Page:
About General Petraeus’s relationship with James Steele. who was a senior adviser in police affairs to the Iraqi Interior Ministry says that Petraeus must have known that organized Shia militia were dominant in the police commandos. working side by side with James Steele in the detention centers where torture was taking place. These things were discussed openly. JERRY BURKE: He had to have known. It is not acceptable to turn a blind eye. NARRATOR: International humanitarian law imposes obligations on those engaged in armed conflict regarding the treatment of prisoners. that this or that. don’t—I have not seen—you know. very strongly in the commandos. whether it was at staff meetings or. who interviewed Petraeus at the time. GEN. servicemember. and wanted them to become bigger." Journalist Peter Maass. and. remembers the relationship being a lot closer than the Petraeus statement would indicate. And he must have known about the death squad activities. I. to have prevented the development of these militias that were effectively developing under your watch? GEN. again. PETER PACE: It is absolutely the responsibility of every U. . Pretty much the whole world in Iraq knew that the police commandos were Badr Brigade. it was common knowledge across Baghdad. the official speaking for the general said: "Steele was one of thousands of advisers to Iraqi units working in the area of the Iraqi police. NARRATOR: But Jerry Burke. thought the commandos were successful. To find the absolute evidence of this has actually been quite difficult. you know. DAVID PETRAEUS: Well. before or after various staff meetings in general conversation. we kept hearing this all the time. to stop it.S. Not only must prisoners not be abused. according to many witnesses. NARRATOR: Even Petraeus’s own special adviser in the military chain of command. as well. PETER MAASS: It was very clear that they were very close to each other in terms of their command relationship and also in terms of their ideas and ideology about what needed to be done. it’s to report it. again. Petraeus explicitly told me that he believed very.MARTIN SMITH: Did you think about what you could have done differently. Colonel Coffman declined to be interviewed by us. Colonel James Coffman. Martin. stronger and even more prevalent in the fight against the insurgency. SECRETARY OF DEFENSE DONALD RUMSFELD: But I don’t think you mean they have an obligation to physically stop it. to intervene. if they see inhumane treatment being conducted. was. but those detaining prisoners also have an obligation to ensure respect. might have done differently.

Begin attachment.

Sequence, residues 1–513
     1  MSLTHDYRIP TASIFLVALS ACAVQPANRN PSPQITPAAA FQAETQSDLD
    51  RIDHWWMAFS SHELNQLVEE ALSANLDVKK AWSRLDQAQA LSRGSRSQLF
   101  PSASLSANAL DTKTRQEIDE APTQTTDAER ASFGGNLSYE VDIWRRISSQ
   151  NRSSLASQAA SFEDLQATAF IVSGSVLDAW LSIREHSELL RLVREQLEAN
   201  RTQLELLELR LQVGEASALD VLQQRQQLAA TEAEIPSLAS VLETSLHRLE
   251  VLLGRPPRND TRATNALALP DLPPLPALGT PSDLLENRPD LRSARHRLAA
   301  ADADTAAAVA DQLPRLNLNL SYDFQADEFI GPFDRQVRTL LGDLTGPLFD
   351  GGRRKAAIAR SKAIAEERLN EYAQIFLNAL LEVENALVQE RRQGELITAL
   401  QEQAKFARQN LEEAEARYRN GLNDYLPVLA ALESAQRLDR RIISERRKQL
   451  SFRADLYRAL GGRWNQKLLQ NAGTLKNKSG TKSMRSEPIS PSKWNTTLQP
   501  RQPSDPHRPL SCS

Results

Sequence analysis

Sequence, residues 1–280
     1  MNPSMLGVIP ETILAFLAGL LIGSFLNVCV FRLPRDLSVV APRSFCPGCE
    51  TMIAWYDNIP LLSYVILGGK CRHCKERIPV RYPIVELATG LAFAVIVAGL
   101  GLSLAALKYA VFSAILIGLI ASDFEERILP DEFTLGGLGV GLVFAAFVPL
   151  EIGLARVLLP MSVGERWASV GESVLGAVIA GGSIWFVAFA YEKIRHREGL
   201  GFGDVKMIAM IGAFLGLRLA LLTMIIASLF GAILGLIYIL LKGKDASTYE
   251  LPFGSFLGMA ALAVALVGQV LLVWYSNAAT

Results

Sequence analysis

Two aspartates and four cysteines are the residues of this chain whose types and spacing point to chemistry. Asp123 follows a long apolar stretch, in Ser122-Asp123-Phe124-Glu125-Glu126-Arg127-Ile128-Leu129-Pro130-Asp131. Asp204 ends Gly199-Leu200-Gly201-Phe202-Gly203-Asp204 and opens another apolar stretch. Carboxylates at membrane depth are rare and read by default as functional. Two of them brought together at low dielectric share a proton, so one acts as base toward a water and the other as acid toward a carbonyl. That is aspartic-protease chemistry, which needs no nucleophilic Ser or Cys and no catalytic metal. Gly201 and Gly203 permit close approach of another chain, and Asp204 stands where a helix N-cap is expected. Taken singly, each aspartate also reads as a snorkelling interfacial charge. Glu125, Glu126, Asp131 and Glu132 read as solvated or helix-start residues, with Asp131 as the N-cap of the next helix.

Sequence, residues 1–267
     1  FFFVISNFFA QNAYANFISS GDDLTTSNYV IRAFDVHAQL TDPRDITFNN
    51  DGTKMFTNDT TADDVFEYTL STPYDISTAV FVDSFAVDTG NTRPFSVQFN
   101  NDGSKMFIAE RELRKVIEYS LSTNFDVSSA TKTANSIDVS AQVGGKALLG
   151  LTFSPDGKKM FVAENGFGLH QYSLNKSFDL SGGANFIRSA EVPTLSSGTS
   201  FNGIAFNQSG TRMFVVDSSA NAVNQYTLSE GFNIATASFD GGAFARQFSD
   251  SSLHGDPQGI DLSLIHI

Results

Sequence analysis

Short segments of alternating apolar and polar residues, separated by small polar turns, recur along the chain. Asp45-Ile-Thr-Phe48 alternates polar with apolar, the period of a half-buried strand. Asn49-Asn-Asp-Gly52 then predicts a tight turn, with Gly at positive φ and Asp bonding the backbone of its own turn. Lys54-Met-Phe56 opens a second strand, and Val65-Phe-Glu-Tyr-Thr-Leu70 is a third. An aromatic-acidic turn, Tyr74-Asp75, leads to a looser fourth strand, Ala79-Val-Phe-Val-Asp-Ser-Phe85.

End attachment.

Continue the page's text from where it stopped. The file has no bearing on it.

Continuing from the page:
[break] AMY GOODMAN: "Peace Train.S. AMB. he was denied entry into the United States after mistakenly being . NARRATOR: The publication by WikiLeaks of thousands of diplomatic cables show that by July 2005 the U. Major General Thabit. ADNAN THABIT: [translated] Until I left. We’ll come back to her in a minute..S. multimedia editor and director of investigations at The Guardian newspaper. We’ll link to the complete film online. the way you phrased it. government knew what the commandos were doing. who created and commands the Special Police Forces. GEN. frankly. is a Sunni officer who served time in prison for attempting to overthrow the Saddam Regime.GEN. PETER PACE: If they are physically present when inhumane treatment is taking place." by the British singer-songwriter Yusuf Islam. They expressed the view that it’s necessary to fight terror with terror and that it is critical that their forces be respected and feared as this was what was required in Iraqi Society to command authority. In 2004. .. Maggie O’Kane. if I knew there was torture going on at that time with the people I was talking to. They knew what was going on in the interrogations.. CABLE EXTRACT: ". formerly known as Cat Stevens. the BBC Arabic/Guardian investigation. He told us that the American officials he dealt with were aware of what his men were doing. they have an obligation to try to stop it. AMY GOODMAN: An excerpt from James Steele: America’s Mystery Man in Iraq .we remain troubled by the indications that at times units commanded by Thabit cross the line.. embassy in Baghdad was telling Washington about the abuse being committed by the commandos." NARRATOR: We asked Ambassador Crumpton if he had been aware that Adnan Thabit’s commandos were engaged in torturing detainees. Adnan Thabit remained officially in charge until the middle of 2006.. the Americans knew about everything I did. We also learned that Adnan Thabit was a guest at the American embassy in Baghdad." NARRATOR: Despite these concerns. NARRATOR: But there are indications that the U. They are lying.S. Our guest is the executive producer of the film. You’re implying that I didn’t know that. This is an extract from what he’s reported to have said. HENRY CRUMPTON: Well. He met the U. and they knew the detainees. ambassador for counterterrorism and talked about his approach to policing. I would have raised it and discussed it. CABLE EXTRACT: "Summary: Fight Terror with Terror. And even some of the intelligence about the detainees came to us from them. I assure you. sir.. . and I resent that question.